The Napier-Wairoa rail line has reopened today, seven years after major storm damage closed the tracks.
The reinstated line is the first significant rail project funded through the Provincial Growth Fund to be completed - at a cost of $6.2 million.
The new line will reconnect Wairoa's thriving forestry industry with the Port of Napier.
KiwiRail chief executive Greg Miller said: "It's a special day ... We are excited about it, and it's very important to the region. The wall of wood is growing. We are looking to see upwards of 600,000 tonnes of log growth in this region in the future and we are looking to see more of that back on rail," Mr Miller said.
There wouldn't be any subsidy from the government for the line and it was expected to be profitable.
"We can take up to six trains a week once the services get up and running in the future.
"It's important for people to remember that trains do work on the tracks. It's been closed for a while so safety is critical thing and that's a message we want everybody to take on. There will be several trains on the weekend ... vigilance is required."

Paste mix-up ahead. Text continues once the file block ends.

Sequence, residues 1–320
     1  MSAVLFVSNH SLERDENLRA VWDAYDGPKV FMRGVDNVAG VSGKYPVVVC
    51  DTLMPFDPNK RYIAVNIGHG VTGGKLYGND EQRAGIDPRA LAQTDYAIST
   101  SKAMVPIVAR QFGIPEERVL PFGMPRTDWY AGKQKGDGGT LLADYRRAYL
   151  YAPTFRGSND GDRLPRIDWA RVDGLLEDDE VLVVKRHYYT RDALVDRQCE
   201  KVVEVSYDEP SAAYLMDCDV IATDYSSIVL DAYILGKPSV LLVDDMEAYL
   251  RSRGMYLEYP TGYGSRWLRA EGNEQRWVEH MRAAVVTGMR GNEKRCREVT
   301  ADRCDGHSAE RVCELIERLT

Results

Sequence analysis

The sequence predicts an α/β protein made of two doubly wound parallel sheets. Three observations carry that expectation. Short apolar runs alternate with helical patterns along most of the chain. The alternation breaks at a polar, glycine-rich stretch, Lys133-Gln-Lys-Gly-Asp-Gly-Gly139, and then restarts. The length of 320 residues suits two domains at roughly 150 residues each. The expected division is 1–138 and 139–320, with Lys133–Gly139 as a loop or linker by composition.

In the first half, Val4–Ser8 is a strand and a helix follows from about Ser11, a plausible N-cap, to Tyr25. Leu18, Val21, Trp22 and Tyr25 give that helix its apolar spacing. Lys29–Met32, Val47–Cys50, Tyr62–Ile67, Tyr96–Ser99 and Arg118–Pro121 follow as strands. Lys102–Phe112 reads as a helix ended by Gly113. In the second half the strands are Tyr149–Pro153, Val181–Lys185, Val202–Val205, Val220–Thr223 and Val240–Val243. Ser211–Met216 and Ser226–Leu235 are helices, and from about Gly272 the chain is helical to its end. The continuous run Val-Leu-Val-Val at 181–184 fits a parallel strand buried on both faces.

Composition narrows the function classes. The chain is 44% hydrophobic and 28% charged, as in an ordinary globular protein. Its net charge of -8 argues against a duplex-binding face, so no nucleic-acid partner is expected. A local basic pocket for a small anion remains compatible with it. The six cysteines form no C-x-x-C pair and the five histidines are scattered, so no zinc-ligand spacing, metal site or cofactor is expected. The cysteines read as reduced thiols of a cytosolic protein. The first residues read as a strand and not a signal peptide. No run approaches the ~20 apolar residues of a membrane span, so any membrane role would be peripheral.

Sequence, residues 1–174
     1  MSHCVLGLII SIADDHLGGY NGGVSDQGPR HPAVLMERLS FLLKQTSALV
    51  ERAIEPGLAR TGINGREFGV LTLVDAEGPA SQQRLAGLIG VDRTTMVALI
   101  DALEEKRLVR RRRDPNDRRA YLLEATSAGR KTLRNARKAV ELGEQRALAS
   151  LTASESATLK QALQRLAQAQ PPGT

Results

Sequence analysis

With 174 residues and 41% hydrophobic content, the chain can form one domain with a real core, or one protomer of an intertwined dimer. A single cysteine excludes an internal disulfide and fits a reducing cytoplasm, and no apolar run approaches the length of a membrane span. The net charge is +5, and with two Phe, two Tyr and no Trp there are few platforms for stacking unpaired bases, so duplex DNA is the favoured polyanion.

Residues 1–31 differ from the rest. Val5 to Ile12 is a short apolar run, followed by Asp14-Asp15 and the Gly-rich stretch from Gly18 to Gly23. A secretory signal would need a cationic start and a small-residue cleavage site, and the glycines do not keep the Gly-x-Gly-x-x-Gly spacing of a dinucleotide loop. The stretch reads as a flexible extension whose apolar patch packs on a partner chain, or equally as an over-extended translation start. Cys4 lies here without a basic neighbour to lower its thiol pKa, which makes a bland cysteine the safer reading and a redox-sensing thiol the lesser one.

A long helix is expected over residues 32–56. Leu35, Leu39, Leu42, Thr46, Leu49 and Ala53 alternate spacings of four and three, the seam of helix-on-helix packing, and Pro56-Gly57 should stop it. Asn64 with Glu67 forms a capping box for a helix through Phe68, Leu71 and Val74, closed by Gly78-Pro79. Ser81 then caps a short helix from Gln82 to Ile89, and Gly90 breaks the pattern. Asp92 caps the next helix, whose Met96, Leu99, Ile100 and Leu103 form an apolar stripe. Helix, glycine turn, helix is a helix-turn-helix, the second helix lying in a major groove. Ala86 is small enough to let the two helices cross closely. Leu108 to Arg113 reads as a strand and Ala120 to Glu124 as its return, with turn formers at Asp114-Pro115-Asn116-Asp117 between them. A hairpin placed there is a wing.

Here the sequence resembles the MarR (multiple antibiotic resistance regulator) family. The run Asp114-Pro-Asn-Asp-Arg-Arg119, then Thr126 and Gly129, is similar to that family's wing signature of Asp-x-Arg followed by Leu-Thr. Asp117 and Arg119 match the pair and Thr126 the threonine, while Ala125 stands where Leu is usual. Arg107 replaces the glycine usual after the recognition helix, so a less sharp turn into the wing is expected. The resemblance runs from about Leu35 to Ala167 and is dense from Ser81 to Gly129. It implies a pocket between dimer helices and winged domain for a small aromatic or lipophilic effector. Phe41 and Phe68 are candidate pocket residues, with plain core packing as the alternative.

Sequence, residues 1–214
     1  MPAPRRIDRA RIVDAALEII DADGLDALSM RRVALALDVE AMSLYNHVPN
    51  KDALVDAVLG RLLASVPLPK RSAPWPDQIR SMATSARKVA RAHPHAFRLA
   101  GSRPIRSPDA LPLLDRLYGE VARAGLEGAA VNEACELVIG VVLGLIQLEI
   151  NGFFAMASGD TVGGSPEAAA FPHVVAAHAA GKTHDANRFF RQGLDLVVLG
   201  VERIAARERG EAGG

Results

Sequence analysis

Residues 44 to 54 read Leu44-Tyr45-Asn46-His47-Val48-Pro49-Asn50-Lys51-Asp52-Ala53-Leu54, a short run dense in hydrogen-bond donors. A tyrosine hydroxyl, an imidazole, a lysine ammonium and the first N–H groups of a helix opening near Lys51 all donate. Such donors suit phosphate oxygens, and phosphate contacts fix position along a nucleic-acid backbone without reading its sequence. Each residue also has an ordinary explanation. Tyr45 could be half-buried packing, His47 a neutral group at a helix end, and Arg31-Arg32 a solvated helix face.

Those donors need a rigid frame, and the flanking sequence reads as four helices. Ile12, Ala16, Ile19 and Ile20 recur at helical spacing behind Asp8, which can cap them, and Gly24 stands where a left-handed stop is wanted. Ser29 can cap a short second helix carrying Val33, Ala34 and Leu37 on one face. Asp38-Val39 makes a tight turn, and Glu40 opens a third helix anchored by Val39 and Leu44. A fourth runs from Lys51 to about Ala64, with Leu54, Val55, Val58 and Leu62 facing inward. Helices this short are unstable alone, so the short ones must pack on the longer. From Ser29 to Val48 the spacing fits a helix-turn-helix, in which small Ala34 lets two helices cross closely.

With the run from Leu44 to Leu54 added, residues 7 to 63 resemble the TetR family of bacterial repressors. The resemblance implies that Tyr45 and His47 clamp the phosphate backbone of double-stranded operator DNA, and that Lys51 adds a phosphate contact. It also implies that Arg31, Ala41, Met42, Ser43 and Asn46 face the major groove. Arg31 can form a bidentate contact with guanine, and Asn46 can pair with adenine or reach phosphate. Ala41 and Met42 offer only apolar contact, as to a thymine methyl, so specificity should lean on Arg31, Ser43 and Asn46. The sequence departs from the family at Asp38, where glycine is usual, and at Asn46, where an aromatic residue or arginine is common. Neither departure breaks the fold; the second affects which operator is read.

The first train services will begin running from the end of September, starting with two services a week but building up to services running six days a week, which KiwiRail says will avoid more than 15,000 truck journeys from Wairoa to Napier each year.
A study into the benefit of the line being reopened through to Gisborne was underway. However, there was a lot of work to do yet and it was a "serious piece of the track that needs to be looked at", he said.
KiwiRail wouldn't be paying for it though.
"It's all about the nationwide values of what our network provides - less trucks on the road, emissions savings. It's in the national interest that the government pay for that."
A 15 kilometre section of the line reopened last year, from Napier to Eskdale.
Transport advocacy groups say the re-opening of the railway line between Wairoa and Napier will help to get logging trucks off the road.